and place-kicked. But he became a collegiate star in baseball, playing
shortstop and pitching, and the Yankee organization signed him in 1950 after he
won the Big Ten batting championship. He made his Yankee debut in 1954,
alternating at first base with Joe Collins.
Skowron’s best season was 1960, when he hit .309 with 26 home runs, then
hit .375 with two homers against Pittsburgh in a World Series remembered
mostly for Bill Mazeroski’s Series-ending home run in Game 7.
Even the best pitchers found Skowron intimidating.
“Moose Skowron wasn’t someone you wanted to face too often,” the Detroit
Tigers right-hander Frank Lary, known as the Yankee Killer for his many
dominant pitching performances against them, was quoted as saying by Richard
Lally in “Bombers: An Oral History of the New York Yankees.” “He wasn’t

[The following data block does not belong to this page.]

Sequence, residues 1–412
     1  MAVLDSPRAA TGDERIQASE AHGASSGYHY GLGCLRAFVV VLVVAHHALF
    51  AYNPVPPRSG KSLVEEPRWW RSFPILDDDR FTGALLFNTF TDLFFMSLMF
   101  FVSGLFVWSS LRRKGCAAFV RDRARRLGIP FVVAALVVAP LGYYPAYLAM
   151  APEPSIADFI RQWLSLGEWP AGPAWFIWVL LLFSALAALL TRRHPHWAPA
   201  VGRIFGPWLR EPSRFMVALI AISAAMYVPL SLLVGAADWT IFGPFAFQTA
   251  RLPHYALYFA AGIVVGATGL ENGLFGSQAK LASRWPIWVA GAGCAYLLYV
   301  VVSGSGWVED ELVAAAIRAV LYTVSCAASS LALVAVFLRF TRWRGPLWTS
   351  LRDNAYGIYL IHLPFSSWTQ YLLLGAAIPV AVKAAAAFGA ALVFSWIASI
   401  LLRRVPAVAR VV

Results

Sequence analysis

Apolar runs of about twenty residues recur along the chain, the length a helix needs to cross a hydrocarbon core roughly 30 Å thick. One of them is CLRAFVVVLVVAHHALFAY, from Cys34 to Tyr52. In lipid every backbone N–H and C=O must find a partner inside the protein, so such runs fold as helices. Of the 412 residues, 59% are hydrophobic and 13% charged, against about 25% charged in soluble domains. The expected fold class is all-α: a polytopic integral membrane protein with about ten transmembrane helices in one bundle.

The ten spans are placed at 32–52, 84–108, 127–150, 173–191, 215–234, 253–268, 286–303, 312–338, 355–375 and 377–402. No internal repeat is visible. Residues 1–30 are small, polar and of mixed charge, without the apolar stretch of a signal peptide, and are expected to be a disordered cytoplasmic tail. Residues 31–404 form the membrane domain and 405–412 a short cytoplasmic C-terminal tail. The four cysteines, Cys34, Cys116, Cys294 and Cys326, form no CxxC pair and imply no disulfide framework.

just a big slugger trying to hit the long ball all the time. Smart hitter,
went with the pitch, thought along with the pitcher, and could hit the ball
the other way as hard as anyone. And Moose was underrated at first. He had
real soft hands and could dig tough chances out of the dirt.”
Playing for the Yankees, the Dodgers, the Washington Senators, the White
Sox and the California Angels, Skowron had 1,566 career hits, 888 runs
batted in and a .282 batting average.
After retiring as a player, he held sales and promotional jobs, and he was
a community affairs representative for the White Sox at his death.
In addition to his son Greg, Skowron, who lived in Schaumburg, Ill., is
survived by his wife, Lorraine, known as Cookie; his daughter, Lynnette
Skowron Morgan; his son Steve; his brother, Edward; and four grandchildren.
Notwithstanding his menacing presence, Skowron was a gentle person, and he
harbored no feelings of revenge after hammering his former Yankee
teammates in the 1963 World Series.
“I was miserable,” he recalled in “Bombers.”
“Twelve years I was with New York, three in the minors, nine in the
majors. I loved those guys and it killed me to beat them. My uniform might have
said Los Angeles, but in my heart I was always a Yankee.”